## Abstract

Specialist predators with oscillating dynamics are often strongly affected by the population dynamics of their prey, yet they do not always participate in a predator-prey cycle. Only those that exert strong population regulation of their prey do so. Inferring the strength and direction of the predator-prey coupling from time series therefore requires contrasting models with top-down versus bottom-up predator-prey dynamics. We examine such population-level coupling using multivariate autoregressive models. The models translate several hypotheses for the joint dynamics of population densities of the Icelandic gyrfalcon *Falco rusticolus*, and its prey, the rock ptarmigan *Lagopus muta*. The dynamics of both species are likely not only linked to each other but also to stochastic weather variables acting as confounding factors on the joint dynamics. The classical MAR(1) model, used most often in ecology, predicts that the times series exhibit predator-prey feedback (i.e., Granger causality): the predator helps to explain prey dynamics and the prey helps to explain predator dynamics. Weather, in the form of spring temperature, influences gyrfalcon population growth but not ptarmigan population growth, despite individual-level evidence that ptarmigan chicks can be strongly affected by weather. MAR(2) models, allowing for species to cycle independently from each other, further suggests alternative scenarios where a cyclic prey influence its predator but not the other way around; such bottom-up models produce a better fit but less realistic cross-correlation patterns. Simulations of MAR(1) and MAR(2) models further demonstrate that the top-down MAR(1) models are most likely to be misidentified as bottom-up dynamics than vice-versa. We therefore conclude that predator-prey feedback in the gyrfalcon-ptarmigan system is very likely, though bottom-up dynamics cannot be excluded with certainty. We finally discuss what sort of information is needed to advance the characterization of joint predator-prey dynamics in birds and other vertebrates.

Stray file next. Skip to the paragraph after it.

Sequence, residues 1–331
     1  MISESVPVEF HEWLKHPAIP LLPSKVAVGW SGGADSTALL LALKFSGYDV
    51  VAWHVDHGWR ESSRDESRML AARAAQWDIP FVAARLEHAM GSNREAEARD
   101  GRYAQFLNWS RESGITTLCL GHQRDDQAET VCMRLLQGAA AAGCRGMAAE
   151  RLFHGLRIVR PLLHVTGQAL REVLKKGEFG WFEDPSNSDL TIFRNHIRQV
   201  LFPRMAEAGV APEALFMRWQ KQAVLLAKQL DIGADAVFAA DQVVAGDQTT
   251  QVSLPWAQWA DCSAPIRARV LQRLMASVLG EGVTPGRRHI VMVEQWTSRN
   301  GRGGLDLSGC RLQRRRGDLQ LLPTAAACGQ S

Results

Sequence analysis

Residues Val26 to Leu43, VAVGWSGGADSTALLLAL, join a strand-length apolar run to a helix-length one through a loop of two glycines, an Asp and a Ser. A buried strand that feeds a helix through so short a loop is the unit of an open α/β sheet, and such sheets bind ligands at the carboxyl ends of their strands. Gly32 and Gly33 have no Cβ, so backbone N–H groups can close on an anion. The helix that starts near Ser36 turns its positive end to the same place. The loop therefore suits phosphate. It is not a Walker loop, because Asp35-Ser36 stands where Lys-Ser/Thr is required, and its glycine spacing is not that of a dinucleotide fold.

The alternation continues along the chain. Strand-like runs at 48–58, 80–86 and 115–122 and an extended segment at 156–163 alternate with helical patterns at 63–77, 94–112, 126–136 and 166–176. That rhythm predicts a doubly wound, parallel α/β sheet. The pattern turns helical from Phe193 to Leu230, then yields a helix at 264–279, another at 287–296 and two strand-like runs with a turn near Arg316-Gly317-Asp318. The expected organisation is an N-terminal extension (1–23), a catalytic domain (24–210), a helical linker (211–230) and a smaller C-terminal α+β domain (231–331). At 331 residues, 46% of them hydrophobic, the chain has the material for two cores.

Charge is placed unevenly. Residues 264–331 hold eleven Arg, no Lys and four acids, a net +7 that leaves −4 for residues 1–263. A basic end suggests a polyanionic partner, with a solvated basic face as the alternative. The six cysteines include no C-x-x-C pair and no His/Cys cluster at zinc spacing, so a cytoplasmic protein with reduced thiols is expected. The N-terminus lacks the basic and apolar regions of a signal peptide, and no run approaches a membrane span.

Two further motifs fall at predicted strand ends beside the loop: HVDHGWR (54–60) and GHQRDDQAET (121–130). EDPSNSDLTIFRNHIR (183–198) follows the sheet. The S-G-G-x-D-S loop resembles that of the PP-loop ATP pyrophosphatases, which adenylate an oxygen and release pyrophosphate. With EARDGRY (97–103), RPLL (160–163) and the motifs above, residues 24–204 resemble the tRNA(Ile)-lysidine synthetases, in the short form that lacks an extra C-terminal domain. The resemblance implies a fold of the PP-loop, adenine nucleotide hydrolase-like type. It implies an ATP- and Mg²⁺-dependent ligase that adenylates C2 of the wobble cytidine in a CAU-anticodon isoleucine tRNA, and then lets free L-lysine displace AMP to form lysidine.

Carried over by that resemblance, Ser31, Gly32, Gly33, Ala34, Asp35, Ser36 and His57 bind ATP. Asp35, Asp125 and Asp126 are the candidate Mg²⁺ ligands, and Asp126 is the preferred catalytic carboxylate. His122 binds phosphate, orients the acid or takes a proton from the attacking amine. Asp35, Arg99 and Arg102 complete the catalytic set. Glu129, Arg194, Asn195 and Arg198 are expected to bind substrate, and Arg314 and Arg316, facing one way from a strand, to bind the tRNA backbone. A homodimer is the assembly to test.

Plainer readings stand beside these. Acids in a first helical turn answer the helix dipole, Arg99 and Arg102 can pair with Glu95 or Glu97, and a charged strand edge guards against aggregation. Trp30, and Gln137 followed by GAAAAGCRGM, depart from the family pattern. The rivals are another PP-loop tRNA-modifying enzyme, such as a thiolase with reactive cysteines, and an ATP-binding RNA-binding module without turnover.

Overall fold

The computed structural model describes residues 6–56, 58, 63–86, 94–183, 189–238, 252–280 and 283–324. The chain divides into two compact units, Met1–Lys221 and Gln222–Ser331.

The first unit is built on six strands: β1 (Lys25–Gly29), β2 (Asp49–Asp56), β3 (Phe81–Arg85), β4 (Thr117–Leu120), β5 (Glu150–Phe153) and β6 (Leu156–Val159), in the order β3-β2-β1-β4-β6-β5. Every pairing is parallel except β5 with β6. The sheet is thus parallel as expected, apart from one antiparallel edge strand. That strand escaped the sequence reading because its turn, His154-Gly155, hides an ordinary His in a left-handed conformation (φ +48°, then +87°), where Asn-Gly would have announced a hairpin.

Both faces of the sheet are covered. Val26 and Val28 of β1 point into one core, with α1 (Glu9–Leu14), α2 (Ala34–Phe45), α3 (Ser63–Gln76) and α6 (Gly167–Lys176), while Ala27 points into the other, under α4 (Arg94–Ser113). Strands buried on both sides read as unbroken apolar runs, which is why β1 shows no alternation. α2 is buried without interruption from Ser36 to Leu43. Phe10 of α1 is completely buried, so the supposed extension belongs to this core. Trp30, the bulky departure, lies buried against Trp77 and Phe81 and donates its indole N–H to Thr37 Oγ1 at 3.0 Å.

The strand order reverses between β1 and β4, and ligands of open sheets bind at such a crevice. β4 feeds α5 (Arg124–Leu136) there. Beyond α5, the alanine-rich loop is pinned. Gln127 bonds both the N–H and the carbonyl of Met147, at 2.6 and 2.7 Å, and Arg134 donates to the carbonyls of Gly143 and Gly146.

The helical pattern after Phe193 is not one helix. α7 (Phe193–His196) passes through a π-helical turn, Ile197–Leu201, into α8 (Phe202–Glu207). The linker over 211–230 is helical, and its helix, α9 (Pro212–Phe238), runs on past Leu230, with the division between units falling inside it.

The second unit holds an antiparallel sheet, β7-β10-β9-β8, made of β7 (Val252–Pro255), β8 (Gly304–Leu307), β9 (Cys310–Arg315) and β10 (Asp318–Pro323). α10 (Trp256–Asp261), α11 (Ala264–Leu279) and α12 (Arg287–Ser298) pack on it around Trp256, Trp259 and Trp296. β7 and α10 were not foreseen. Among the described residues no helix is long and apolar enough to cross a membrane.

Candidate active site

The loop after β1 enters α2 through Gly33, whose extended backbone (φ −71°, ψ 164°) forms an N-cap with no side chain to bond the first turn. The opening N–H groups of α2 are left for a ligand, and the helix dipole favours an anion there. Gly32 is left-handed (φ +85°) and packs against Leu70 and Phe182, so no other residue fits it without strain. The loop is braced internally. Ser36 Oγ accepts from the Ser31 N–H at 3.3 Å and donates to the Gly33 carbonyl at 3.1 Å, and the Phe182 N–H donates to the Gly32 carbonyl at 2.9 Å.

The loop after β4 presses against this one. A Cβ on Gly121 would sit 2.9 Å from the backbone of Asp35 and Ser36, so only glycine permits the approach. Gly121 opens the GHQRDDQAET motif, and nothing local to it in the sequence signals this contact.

## Introduction